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Hollywood Insider Alice in Borderland Review, Netflix, Japanese, Manga Series

Photo: ‘Alice in Borderland’/Netflix

Okay, so I’ll be honest here for a minute. The first scene of the first episode of ‘Alice in Borderland’ is not good. It is, in fact, maybe even terrible. Within two minutes of watching it, I had decided that I was not a fan. The acting was bad, the dialogue felt forced, and the characters were not at all sympathetic. 

But, let me tell you, by the end of the first episode, my mind had completely changed. I went from being turned off by Alice in Borderland to being completely and utterly enthralled by it. I was obsessed. Obsessed, as in, I’m telling everyone about this incredible new show I’ve been watching. I made my boyfriend, housemate, and co-worker sit there as I explained the premise of the series to them. In full detail, because that’s how much I savored every minute of this show. So, I bet you’re wondering “Why? What makes Alice in Borderland so good?” Allow me to explain.

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The heart of the series lies in its dedication to hard world-building. Alice in Borderland is actually based on a manga that ran in a Japanese magazine from 2010 to 2015. Within the culture of anime and manga, hard worldbuilding is almost always an important element of making a story feel realistic and compelling. Hence why it’s an important element in Alice in Borderland. The show centers around a group of boys, all struggling with recent obstacles, who wish to be transported to a different world. Their wish is granted, but not in the way they expect. They are sent to an abandoned version of Tokyo where they are forced to compete in life-or-death puzzle games that, when cleared, extend their visas in this foreign world. The boys learn all this through hands-on experiences playing the games. We, as the audience, are thrust into the world with them, lacking knowledge of how it operates and being forced to learn through the consequences of the main characters.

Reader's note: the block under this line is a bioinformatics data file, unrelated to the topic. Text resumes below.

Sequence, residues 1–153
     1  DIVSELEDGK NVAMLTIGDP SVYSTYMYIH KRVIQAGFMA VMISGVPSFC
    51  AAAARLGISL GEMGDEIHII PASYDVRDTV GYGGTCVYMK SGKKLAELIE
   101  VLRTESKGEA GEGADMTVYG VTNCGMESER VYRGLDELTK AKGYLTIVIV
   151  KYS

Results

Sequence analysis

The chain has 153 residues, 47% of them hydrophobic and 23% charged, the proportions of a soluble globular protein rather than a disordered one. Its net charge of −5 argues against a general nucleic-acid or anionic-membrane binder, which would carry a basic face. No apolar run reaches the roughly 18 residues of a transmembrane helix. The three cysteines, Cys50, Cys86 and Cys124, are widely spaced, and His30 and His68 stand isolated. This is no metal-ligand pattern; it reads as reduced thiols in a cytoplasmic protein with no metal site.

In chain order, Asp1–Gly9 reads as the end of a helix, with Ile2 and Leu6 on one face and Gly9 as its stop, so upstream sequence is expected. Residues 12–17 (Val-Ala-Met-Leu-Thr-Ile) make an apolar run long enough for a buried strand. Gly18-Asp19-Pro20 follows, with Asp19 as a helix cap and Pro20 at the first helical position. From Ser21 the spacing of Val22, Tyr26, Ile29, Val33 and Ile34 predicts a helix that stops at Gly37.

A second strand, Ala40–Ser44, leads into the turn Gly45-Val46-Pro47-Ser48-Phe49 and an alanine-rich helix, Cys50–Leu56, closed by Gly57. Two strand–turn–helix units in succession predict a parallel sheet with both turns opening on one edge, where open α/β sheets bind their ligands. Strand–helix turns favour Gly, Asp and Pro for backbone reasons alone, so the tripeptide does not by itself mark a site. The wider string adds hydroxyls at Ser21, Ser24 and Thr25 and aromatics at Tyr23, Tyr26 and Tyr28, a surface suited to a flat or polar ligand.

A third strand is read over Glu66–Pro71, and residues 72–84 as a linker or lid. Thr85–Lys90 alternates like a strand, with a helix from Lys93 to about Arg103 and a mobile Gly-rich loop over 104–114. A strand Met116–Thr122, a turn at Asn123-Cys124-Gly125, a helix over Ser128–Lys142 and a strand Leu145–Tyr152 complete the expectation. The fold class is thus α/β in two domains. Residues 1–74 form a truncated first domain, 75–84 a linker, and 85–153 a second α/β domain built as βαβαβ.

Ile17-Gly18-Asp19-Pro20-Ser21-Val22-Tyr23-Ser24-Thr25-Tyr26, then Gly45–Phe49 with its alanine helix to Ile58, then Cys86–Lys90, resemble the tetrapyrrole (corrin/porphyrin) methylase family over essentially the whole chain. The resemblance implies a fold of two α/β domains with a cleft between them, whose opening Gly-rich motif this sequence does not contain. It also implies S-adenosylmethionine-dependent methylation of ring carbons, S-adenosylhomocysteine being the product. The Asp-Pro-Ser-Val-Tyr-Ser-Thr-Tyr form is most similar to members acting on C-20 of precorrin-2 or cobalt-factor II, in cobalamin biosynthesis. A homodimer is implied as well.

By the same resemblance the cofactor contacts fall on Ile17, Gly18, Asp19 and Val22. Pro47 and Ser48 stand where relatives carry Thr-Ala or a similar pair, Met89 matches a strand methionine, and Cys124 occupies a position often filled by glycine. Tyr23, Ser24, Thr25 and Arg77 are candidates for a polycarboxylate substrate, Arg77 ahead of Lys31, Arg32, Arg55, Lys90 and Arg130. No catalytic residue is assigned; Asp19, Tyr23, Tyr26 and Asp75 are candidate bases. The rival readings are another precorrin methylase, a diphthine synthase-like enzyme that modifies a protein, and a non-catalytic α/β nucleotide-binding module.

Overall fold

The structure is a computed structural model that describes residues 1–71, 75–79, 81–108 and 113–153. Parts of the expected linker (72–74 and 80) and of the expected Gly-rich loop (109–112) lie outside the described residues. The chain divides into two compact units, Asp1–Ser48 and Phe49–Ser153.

But let’s back up a minute to take a closer look at just what exactly hard worldbuilding is. Hard worldbuilding is the idea of creating a fully immersive other universe or society that could theoretically exist in this world. There is a set of clearly established rules that exist in this other world that define how it functions in a clear, grounded way. The best example that I can give of this is the Lord of the Rings universe, where there exists a fully fleshed out society with history and established rules that the characters must follow. In contrast, the best example of soft worldbuilding is anything from Studio Ghibli

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‘Alice in Borderland’: Not a moment wasted in pursuit of progressing the story forward